We must take loans to fund roads, power, others – Buhari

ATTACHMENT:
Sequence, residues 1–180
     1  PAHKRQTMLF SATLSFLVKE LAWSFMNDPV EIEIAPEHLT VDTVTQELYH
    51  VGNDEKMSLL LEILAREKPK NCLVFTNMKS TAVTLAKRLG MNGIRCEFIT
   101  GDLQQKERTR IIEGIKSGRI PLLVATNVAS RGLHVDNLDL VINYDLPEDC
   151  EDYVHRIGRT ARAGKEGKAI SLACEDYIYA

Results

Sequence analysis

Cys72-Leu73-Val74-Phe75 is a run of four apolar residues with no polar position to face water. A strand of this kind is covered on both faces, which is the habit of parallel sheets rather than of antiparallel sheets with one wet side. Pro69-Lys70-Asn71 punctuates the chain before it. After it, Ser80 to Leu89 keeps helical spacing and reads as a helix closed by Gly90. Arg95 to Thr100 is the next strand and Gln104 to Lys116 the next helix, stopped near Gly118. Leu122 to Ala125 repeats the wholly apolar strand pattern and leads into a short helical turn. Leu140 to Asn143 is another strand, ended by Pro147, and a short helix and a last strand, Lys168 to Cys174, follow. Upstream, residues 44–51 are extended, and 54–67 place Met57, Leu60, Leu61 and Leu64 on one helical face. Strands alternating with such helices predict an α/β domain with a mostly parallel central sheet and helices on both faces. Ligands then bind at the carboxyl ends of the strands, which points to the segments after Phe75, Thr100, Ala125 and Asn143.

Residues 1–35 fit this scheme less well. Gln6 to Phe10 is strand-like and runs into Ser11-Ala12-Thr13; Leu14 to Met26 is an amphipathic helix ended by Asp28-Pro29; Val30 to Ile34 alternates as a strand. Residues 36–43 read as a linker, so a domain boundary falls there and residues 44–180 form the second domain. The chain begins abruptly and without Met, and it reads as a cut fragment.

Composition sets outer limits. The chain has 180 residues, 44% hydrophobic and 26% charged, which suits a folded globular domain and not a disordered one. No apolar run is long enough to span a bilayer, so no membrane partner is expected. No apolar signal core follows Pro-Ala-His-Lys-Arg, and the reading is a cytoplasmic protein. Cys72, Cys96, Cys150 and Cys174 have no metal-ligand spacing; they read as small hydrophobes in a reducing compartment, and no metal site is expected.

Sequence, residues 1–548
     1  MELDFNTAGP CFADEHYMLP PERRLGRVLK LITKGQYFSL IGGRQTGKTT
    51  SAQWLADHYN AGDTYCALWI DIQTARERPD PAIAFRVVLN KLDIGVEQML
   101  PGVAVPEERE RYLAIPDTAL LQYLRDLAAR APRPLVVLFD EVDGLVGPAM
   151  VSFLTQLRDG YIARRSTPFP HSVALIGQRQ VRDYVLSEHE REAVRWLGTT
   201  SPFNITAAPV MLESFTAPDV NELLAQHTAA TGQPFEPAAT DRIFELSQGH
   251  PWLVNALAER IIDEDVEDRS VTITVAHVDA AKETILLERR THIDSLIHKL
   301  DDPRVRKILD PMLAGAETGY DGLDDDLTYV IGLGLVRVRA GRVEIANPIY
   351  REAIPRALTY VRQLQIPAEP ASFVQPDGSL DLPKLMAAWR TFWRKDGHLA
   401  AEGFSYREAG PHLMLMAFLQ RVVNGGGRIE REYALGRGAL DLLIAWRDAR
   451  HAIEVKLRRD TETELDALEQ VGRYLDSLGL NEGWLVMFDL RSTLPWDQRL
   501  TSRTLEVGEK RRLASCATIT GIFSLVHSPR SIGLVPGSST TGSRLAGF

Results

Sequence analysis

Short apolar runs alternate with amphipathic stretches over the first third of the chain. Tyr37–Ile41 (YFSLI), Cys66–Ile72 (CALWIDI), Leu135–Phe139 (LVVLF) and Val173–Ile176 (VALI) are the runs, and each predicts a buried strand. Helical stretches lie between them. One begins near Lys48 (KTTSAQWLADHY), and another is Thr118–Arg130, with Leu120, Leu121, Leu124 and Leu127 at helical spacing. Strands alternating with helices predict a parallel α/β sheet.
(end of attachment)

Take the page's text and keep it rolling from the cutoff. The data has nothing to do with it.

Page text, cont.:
The President, Major General Muhammadu Buhari (retd.), on Tuesday justified the nation’s rising debt profile, saying his regime needed to borrow to fund critical infrastructure like roads, rail and power. According to a statement titled, ‘President Buhari justifies borrowing to fund infrastructure,’ by his Senior Special Assistant on Media and Publicity, Garba Shehu, the President spoke at a virtual meeting with members of the Presidential Economic Advisory Council from the Presidential Vila, Abuja. Buhari spoke at a time stakeholders are expressing concerns over the nation’s rising debt profile. But the President said his regime needed the loans. “We have so many challenges with infrastructure. We just have to take loans to do roads, rail and power, so that investors will find us attractive and come here to put their money,” Shehu quoted the President as saying after listening to a presentation by PEAC, chaired by Prof Ayo Salami. Buhari was also said to have regretted that failure to provide infrastructure for effective transport deprived the country of its well-deserved status as the West African hub for air cargo transport and trans-shipment of goods. On the economy, the President noted the challenges posed by the “collapse of the oil market” and the decision of government to abide by the reduced oil production quota allocated by the Organisation of the Petroleum Exporting Countries. He said, “We have to accept that decision; otherwise they (Middle-East producers) can flood the market and make the product unviable. Buhari also talked about the need for the unemployed to be persuaded to embrace farming. He said, “For us to bounce back to productivity, especially in agriculture, the unemployed with many of them uneducated had to be persuaded to go into agriculture. “If we hadn’t gone back to the lands, we would have been in trouble by now. “That is why we stopped the importation of food thereby saving jobs and foreign exchange. “COVID has reduced us to the same level as developed countries. “We are lucky we went back to the land. We eat what we produce. We are doing our best to secure the country and provide infrastructure for investment to be viable in the country,” he said. Buhari pledged to continue to draw from the council’s wisdom and experiences as the nation deals with challenging economic times. Shehu said Salami had, earlier in his presentation, highlighted the council’s recommendations on poverty reduction and stimulation of non-debt investment inflows. The statement added, “The council recommended steps for the effective implementation of government’s plan to lift 100 million Nigerians out of poverty, as well as measures to curb poverty disparity in Nigeria.”The PEAC used the opportunity of the meeting to express support and solidarity with the administration on its recent policies. “It listed the implementation of reforms encapsulated in the Companies and Allied Matters Act 2020, the reforms in the energy sector, bringing electricity and fuel prices in line with the market, and the decision of the Central Bank of Nigeria to merge the exchange rate of the naira versus other foreign currencies.”